Sonography of first trimester pregnancy is a core bedside ultrasound application, and an essential component of the evaluation of patients who present with vaginal bleeding, abdominal pain, syncope or shock in early pregnancy (1). In most cases, bedside ultrasound allows emergency physicians to rapidly and accurately determine whether an intrauterine pregnancy (IUP) is present. Along with other clinical data, ultrasound findings allow emergency physicians to arrive at an accurate diagnosis and appropriate disposition, thus providing efficient care that benefits both patients and emergency department (ED) flow.
The role of emergency physicians is to rule out life threats, and as such, the primary role of bedside pelvic ultrasound in the ED is to exclude ectopic pregnancy (1). Secondary aims include the following:
Detecting abnormal pregnancies, including ectopic pregnancy and nonviable pregnancy
Detecting hemoperitoneum in patients with suspected ectopic pregnancy
Determining gestational age
Detecting fetal heart rate to determine viability
Ectopic pregnancy, a common and potentially fatal condition, should be considered in all symptomatic first trimester patients who present to the ED. History and physical examination are often insufficient to reliably establish the definitive diagnosis of normal (or abnormal) pregnancy (2). Ultrasound is widely used as the most efficient and accurate means to detect and evaluate early gestations. Emergency physicians who are trained to perform and interpret bedside pelvic ultrasound should first answer the focused question: “Is there an IUP?” Ectopic pregnancy can be safely excluded in patients in whom an IUP is visualized, with the notable exception of patients who have received fertility treatments, who are at increased risk for multiple gestations and heterotopic pregnancy (3,4).
Secondary roles for pelvic bedside ultrasound include identification of abnormal pregnancies (including ectopic pregnancy and fetal demise), and detection of hemoperitoneum in ruptured ectopic pregnancy. When an IUP is not visualized, emergency physicians trained in bedside ultrasound may be able to detect specific sonographic findings consistent with ectopic pregnancy (5). Although early recognition of pregnancy loss is often not medically necessary, it remains important to advise a woman of an accurate gestational age, and when possible, to reassure her of the health of the pregnancy at the time of evaluation or to prepare her for the possibility that the pregnancy will not survive. In addition, the timeliness of appropriate follow-up care is made clearer when a viable or a nonviable IUP is detected by bedside ultrasound.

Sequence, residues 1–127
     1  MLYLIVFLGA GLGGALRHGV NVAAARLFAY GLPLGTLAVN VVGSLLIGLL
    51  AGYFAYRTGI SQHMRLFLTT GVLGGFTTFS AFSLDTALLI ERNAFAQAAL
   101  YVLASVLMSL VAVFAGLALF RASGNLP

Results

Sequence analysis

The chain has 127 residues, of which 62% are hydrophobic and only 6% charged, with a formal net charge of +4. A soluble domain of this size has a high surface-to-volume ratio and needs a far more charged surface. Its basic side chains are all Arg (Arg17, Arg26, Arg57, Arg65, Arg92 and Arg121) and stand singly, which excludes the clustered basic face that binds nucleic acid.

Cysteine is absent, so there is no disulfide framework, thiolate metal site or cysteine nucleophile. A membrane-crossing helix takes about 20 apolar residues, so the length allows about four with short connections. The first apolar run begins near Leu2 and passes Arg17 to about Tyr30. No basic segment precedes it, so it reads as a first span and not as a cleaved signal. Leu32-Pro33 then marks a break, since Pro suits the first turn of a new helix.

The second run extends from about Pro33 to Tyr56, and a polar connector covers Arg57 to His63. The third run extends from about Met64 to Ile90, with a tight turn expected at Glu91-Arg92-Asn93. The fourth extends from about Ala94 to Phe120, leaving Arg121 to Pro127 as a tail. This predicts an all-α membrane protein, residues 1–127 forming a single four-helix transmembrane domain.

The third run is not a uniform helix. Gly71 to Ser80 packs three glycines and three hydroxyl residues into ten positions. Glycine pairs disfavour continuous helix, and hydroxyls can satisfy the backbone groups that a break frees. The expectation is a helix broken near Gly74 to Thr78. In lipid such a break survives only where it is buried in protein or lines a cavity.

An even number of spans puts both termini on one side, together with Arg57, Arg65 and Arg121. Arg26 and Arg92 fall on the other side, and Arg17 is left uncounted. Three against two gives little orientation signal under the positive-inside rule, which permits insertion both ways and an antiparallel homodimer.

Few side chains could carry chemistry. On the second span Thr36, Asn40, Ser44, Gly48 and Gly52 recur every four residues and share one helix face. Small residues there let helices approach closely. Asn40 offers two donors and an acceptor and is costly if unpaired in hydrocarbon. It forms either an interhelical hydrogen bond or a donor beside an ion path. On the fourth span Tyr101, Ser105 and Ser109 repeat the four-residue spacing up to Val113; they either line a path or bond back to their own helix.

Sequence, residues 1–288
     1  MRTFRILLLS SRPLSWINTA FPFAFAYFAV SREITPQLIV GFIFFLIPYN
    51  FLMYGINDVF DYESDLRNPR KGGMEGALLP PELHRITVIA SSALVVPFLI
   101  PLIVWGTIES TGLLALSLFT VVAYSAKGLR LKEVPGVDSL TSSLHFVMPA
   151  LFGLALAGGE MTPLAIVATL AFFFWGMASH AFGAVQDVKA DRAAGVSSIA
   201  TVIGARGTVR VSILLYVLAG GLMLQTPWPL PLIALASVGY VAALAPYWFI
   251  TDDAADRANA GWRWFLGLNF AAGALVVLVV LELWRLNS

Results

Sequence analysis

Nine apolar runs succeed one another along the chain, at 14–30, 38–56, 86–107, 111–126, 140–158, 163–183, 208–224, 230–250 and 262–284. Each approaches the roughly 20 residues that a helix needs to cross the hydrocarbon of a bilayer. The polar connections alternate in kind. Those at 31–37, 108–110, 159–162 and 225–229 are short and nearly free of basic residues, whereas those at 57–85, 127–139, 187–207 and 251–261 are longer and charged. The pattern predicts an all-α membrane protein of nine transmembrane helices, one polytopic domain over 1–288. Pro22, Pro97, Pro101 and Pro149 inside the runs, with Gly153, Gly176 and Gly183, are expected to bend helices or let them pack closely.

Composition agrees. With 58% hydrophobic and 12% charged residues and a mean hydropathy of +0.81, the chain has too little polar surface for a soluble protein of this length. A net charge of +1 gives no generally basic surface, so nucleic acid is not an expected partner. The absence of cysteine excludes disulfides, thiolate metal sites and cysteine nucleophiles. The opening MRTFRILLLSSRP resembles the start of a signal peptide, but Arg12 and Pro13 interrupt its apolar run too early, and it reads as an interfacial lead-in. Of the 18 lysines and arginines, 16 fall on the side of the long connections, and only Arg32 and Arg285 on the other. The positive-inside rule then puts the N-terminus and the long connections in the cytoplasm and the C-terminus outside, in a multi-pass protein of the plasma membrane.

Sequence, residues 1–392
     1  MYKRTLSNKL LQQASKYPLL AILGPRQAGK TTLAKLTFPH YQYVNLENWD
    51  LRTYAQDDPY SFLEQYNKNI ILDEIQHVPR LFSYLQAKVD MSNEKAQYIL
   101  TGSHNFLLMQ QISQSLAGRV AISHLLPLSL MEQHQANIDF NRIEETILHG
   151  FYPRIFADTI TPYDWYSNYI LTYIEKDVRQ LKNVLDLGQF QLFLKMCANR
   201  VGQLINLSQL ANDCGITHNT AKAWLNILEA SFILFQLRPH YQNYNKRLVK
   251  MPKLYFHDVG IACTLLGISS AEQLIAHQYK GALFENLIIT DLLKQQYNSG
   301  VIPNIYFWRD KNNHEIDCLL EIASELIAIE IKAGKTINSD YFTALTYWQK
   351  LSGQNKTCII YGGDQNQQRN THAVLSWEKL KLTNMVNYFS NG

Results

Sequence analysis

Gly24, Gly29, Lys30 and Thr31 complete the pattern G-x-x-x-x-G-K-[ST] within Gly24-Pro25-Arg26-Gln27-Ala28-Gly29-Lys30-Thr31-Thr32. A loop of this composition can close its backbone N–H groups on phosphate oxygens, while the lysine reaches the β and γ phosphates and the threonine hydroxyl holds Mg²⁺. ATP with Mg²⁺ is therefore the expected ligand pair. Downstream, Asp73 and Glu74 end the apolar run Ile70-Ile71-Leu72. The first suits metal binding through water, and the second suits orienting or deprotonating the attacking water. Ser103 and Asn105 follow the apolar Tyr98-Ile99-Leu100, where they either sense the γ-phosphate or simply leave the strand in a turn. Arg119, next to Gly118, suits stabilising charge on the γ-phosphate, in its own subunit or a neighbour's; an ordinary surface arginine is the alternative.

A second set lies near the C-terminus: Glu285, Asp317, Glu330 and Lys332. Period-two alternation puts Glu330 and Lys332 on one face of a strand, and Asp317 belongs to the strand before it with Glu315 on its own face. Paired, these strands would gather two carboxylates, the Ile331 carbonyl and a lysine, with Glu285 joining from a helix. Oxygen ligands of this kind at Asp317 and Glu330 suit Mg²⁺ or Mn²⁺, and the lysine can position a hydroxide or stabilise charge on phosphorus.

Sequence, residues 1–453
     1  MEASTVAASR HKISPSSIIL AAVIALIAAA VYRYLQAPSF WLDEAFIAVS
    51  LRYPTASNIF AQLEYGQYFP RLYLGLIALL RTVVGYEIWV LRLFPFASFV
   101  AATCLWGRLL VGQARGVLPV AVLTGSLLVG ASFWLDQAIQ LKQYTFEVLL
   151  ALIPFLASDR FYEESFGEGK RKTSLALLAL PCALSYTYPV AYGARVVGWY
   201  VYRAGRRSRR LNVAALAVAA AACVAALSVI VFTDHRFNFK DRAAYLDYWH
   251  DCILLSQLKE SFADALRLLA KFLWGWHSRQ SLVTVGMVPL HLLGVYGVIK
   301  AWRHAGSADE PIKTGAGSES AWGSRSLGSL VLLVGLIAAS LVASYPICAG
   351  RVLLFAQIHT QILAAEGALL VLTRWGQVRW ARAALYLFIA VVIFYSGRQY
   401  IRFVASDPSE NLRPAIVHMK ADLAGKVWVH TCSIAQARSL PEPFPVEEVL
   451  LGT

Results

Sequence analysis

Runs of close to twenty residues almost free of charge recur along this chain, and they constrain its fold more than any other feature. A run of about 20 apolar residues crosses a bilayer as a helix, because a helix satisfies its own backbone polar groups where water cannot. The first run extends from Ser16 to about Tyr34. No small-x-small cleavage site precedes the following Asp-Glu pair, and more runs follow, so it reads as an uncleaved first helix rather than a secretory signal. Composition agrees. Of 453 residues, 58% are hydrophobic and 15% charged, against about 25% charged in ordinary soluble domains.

Pelvic ultrasound image acquisition for patients in the first trimester is similar to the nonpregnant patient. For a full, detailed description of the technique, please refer to Chapter 14, Figures 14.1, 14.2, 14.3, 14.4, 14.5 and 14.6. Briefly, the transabdominal view should be performed with the patient in the supine position and with a full bladder. A low-frequency probe is placed in the sagittal plane above the symphysis pubis. Using the bladder as a sonographic window, the pelvic structures—uterus, cervix, and adnexa—are visualized. The probe is then rotated 90 degrees for the transverse plane. It is important to fan up and down through the pelvis from the uterine fundus to the cervix in the transverse plane, and from side-to-side in the longitudinal plane. The transvaginal view should be performed with the patient in a pelvic bed in the lithotomy position (or with a cushion placed under the buttocks) with an empty bladder. A high-frequency endocavitary probe is placed in the vagina in the sagittal plane just past the bladder to obtain a view of the uterus in long axis. When the uterus is visualized clearly, fan through the uterus from side to side (adnexa to adnexa). Rotate the probe counterclockwise into the coronal plane. The probe should be swept, this time from top to bottom, to image the uterus from fundus to cervix. Special attention should be paid to intrauterine contents, as well as free fluid and the adnexa. In order to optimize image acquisition for first trimester pelvic scanning, select the software setting for OB to access software applications to calculate fetal heart rate and gestational age.
NORMAL ULTRASOUND ANATOMY
The specific sonographic appearance of normal pregnancy depends upon the gestational age. As the gestational age increases, the ability to assess the location and health of the pregnancy improves. Gestational age is linked to the appearance of important findings of IUP, as shown in Table 15.1.
Findings Suggestive of an Early IUP: The Gestational Sac
The appearance of a gestational sac is the earliest sign of an IUP; it is suggestive of, but not definitive for an IUP. The earliest evidence of a gestational sac is seen at 4.5 weeks and appears as a small 2 to 3 mm cystic structure embedded in thickened endometrium (decidua); this appearance has been described as the intradecidual sign (6,7). A distinguishing characteristic of the intradecidual sign is that the thin endometrial stripe passes to one side of the gestational sac, unlike a cyst or intracavitary fluid collection. The intradecidual sign is specific but insensitive for the diagnosis of IUP (7,8). Because this is a subtle finding that is technically difficult to recognize or distinguish from decidual cysts, emergency physicians should depend on finding more definitive evidence of an IUP.
TABLE 15.1 Sonographic Landmarks of Normal Pregnancy
GA (in weeks)
EMBRYO/ CRL (mm)
Cardiac Activity/ Embryo
TVS, transvaginal sonography; TAS, transabdominal sonography; MSD, mean sac diameter; CRL, crown-rump length; GA, gestational age.
Adapted from Laing FC, Frates MC. Ultrasound evaluation during the first trimester. In Callen PW, ed. Ultrasonography in Obstetrics and Gynecology. 4th ed. Philadelphia, PA: WB Saunders Co; 2000:124, with permission.